Inside look at a Valley family's observance of Ramadan

FRESNO, Calif.

The Islamic cultural center of Fresno estimates there are as many as 25-thousand Muslims here in the Central Valley. We caught up with one Fresno family who by all accounts is the typical modern American family ... but also very tied in to the observance of Ramadan.

As the sun sets on the horizon the Ali family prepares to break the fast. For fifteen hours Irfan and Monica and their three sons have gone without food or water. Monica pours glasses of water and sets out figs and dates for the boys ... but before they indulge in the evening feast, they head to the living room for prayer.

Muslims pray five times a day every day ... but during Ramadan ... they also fast ... all food and all drink -- including water -- from sun up to sun down.

Ismail ... Ibraheem and Ishaq eat breakfast at 4:30 in the morning. They are literally parched and starving by the time the sun goes down. But the evening meal becomes more than just nourishment ... it's a time of coming together as a family.

Irfan Ali said, "From the Muslim perspective, it's a lot of fun. It's a good celebration for us ... we look forward to it. It's a very spiritual time of the year ... it's also a very family time of the year ... we spend a lot of time together ... we breakfast together."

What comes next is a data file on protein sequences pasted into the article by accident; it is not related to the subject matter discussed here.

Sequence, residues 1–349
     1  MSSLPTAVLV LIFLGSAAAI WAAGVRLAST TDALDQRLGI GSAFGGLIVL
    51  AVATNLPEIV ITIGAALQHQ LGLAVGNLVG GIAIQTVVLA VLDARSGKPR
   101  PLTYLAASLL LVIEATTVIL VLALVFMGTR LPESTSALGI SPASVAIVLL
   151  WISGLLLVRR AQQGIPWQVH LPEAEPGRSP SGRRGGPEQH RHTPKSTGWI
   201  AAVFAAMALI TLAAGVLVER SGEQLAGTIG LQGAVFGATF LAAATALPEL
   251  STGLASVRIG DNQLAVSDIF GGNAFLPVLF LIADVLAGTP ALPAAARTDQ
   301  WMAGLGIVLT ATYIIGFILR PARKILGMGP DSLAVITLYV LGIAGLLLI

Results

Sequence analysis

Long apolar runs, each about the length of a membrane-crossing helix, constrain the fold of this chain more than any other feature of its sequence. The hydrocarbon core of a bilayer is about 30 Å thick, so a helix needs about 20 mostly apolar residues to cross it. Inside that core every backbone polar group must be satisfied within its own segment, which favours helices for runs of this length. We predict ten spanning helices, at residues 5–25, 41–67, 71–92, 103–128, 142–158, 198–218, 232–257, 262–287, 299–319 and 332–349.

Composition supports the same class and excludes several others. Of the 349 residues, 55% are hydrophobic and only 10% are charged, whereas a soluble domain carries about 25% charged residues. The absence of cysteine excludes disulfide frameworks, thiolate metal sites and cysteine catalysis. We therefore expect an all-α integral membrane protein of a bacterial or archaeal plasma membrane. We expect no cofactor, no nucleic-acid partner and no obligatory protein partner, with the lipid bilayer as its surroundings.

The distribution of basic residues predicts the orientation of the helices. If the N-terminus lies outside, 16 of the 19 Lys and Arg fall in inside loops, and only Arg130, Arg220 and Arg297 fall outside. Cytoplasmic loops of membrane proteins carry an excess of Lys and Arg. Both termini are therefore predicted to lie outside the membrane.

Fasting does not come easy for these growing boys. 15 year old Ishaq not only goes to school all day long ... he plays water polo at Edison High School. 18 year old Ibraheem is a freshman at Fresno State taking 21 units and working. 20 year old Ismail is also at Fresno State ... plays on the water polo team and works.

The Islamic faith requires only adults to fast ... but all three Ali boys chose to go without food and water during Ramadan when they were in middle school.

Ibraheem Ali said, "During the other 11 months of the year, I'm constantly on the grind ... doing something ... always moving to the next step. Ramadan allows me to continue to do those things, but in a much more reserved mindset."

Because Ramadan is based on the lunar calendar and is determined only through observation of the first sliver of the new moon ... the end of the fast could come either September eighth ... or the ninth or the tenth. Irfan Ali says as head of his household ... he will probably "call it" on Thursday the eighth.

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